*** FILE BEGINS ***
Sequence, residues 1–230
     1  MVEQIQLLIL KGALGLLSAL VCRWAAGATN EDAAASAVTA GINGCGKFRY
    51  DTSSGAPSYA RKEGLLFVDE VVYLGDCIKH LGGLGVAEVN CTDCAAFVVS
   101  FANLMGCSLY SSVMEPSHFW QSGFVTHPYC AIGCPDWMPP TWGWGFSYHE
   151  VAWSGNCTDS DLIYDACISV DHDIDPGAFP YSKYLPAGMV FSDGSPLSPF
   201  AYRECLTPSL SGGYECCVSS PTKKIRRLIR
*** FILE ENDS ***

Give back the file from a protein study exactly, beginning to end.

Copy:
Sequence, residues 1–230
     1  MVEQIQLLIL KGALGLLSAL VCRWAAGATN EDAAASAVTA GINGCGKFRY
    51  DTSSGAPSYA RKEGLLFVDE VVYLGDCIKH LGGLGVAEVN CTDCAAFVVS
   101  FANLMGCSLY SSVMEPSHFW QSGFVTHPYC AIGCPDWMPP TWGWGFSYHE
   151  VAWSGNCTDS DLIYDACISV DHDIDPGAFP YSKYLPAGMV FSDGSPLSPF
   201  AYRECLTPSL SGGYECCVSS PTKKIRRLIR